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CHAPTER 17

COMPLETING THE AUDIT ENGAGEMENT

Answers to Multiple-Choice Questions

17-13 c 17-18 a
17-14 d 17-19 a
17-15 a 17-20 a
17-16 b 17-21 c
17-17 a

17-7 The auditor obtains a representation letter in order to corroborate oral


representations made to the auditor and to document the continued
appropriateness of such representations. The representation letter also reduces the
possibility of misunderstanding concerning the responses provided by
management to the auditor's inquiries.

17-22 Since the events or conditions that should be considered in the financial
accounting for and reporting of litigation, claims, and assessments are matters
within the direct knowledge, and often, control of management of an entity,
management is the primary source of information about such matters.
Accordingly, Harper's audit procedures with respect to the existence of loss
contingencies arising from litigation, claims, and assessments should include the
following:
• Inquire and discuss with management the policies and procedures adopted for
identifying, evaluating, and accounting for litigation, claims, and assessments.
• Obtain from management a description and evaluation of litigation, claims,
and assessments that existed at the date of the balance sheet being reported on,
and during
the period from the balance sheet date to the date the information is furnished,
including an identification of those matters referred to legal counsel, and
obtain assurances from management, ordinarily in the form of a representation
letter, that they have disclosed all such matters required to be disclosed by
generally accepted accounting principles (Statement of Financial Accounting
Standards No. 5).
• Examine documents in the client's possession concerning litigation, claims,
and assessments, including correspondence and invoices from lawyers.
• Obtain assurance from management, ordinarily in the form of a representation
letter, that they have disclosed all unasserted claims that the lawyer has
advised them are probable of assertion and must be disclosed in accordance
with generally accepted accounting principles (Statement of Financial
Accounting Standards No. 5).
• The auditor should request the client's management to send a letter of inquiry
to those lawyers with whom they consulted concerning litigation, claims, and
assessments.
Examples of other procedures undertaken for different purposes that might also
disclose litigation, claims, and assessments are the following:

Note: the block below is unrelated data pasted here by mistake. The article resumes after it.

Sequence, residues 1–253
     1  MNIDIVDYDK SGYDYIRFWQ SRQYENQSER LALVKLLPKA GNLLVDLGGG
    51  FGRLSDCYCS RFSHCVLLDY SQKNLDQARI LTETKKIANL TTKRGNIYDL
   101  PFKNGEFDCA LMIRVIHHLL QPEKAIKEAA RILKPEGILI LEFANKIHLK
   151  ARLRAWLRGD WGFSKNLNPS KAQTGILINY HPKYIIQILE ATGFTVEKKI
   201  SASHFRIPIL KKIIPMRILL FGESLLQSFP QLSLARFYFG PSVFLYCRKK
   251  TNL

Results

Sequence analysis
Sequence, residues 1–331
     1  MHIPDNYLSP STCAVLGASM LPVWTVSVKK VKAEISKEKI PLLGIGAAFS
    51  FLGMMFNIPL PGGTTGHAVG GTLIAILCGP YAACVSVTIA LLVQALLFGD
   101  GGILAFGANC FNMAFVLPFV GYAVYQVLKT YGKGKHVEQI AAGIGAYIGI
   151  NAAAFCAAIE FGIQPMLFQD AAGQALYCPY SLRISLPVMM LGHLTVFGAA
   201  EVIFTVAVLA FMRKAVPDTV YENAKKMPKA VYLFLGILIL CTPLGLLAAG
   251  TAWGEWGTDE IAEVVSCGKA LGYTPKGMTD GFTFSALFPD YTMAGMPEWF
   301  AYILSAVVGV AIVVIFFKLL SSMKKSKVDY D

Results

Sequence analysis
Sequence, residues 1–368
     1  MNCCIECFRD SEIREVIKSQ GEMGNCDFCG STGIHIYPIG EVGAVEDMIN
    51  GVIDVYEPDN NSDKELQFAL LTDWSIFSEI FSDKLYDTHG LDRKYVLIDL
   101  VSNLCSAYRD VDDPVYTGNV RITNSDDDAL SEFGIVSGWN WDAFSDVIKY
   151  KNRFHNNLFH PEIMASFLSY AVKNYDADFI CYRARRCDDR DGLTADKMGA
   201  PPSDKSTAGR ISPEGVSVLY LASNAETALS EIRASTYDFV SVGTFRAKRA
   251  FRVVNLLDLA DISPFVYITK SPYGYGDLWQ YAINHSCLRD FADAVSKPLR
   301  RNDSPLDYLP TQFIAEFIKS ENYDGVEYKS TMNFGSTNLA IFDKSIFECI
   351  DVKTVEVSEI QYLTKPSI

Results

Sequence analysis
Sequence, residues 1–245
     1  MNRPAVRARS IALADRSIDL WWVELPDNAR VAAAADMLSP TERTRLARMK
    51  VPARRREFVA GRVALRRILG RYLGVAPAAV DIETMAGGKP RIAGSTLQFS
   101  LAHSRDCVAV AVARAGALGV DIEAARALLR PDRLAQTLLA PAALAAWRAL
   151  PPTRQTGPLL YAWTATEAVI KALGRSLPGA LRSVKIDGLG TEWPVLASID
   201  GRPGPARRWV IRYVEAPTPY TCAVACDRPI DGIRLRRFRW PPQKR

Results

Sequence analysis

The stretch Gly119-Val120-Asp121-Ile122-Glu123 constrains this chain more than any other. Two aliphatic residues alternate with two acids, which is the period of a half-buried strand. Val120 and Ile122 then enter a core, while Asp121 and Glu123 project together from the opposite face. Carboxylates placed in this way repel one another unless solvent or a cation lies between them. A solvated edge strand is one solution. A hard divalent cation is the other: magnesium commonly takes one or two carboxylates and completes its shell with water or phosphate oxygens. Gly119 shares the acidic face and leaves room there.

• Read minutes of stockholders, directors, and appropriate committee meetings
held during and subsequent to the period being examined.
• Read contracts, loan agreements, leases, and correspondence from taxing or
other governmental agencies, and similar documents.
• Obtain information concerning guarantees from bank confirmation forms.
• Inspect other documents for possible guarantees by the client.

17-24 a. For the financial statement audit, the two types of subsequent events that
require Namiki’s consideration and evaluation are:
• Events that provide additional evidence concerning conditions that existed
at the balance sheet date and affect the estimates inherent in the process of
preparing financial statements. This type of subsequent event requires that
the financial statements be adjusted for any changes in estimates resulting
from the use of such additional evidence.
• Events that provide evidence concerning conditions that did not exist at the
balance sheet date but arose subsequent to that date. Such events result in
financial statement disclosure.
If Taylor is a public company, then for the audit of internal control over financial
reporting the two types of subsequent events the auditor must consider are:
• Control events that reveal information about a material weakness that
existed as of the end of the reporting period. If the event reveals
information about a material weakness, the auditor should issue an adverse
opinion on the effectiveness of internal control over financial reporting. If
the auditor is unable to determine the effect of the subsequent control event
on the effectiveness of the company’s internal control, the auditor should
disclaim any opinion.
• Control events that create or reveal information about a new condition that
did not exist as of the end of the reporting period. If the information has a
material effect on the company, the auditor should include an explanatory
paragraph describing the event and its effects or directing the reader’s
attention to the event and its effects as disclosed in management’s report.

b. The auditing procedures Namiki should consider performing to gather evidence


concerning subsequent events include the following:
• Compare the latest available interim statements with the financial
statements being audited.
• Ascertain whether the interim statements were prepared on the same basis
as the audited financial statements.
• Inquire whether any contingent liabilities or commitments existed at the
balance sheet date or the date of inquiry.
• Inquire whether there was any significant change in the capital stock, long-
term debt, or working capital to the date of inquiry.
• Inquire about the current status of items in the audited financial statements
that were accounted for on the basis of tentative, preliminary, or
inconclusive data.
• Read or inquire about the minutes of meetings of stockholders or the board
of directors.
• Inquire of the client's legal counsel concerning litigation, claims, and
assessments.
• Obtain a management representation letter, dated as of the date of Namiki's
audit report, as to whether any subsequent events would require adjustment
or disclosure.
• Make such additional inquiries or perform such additional procedures
Namiki considers necessary and appropriate.
• Examine and/or inquire about findings included in internal audit reports
completed after year end.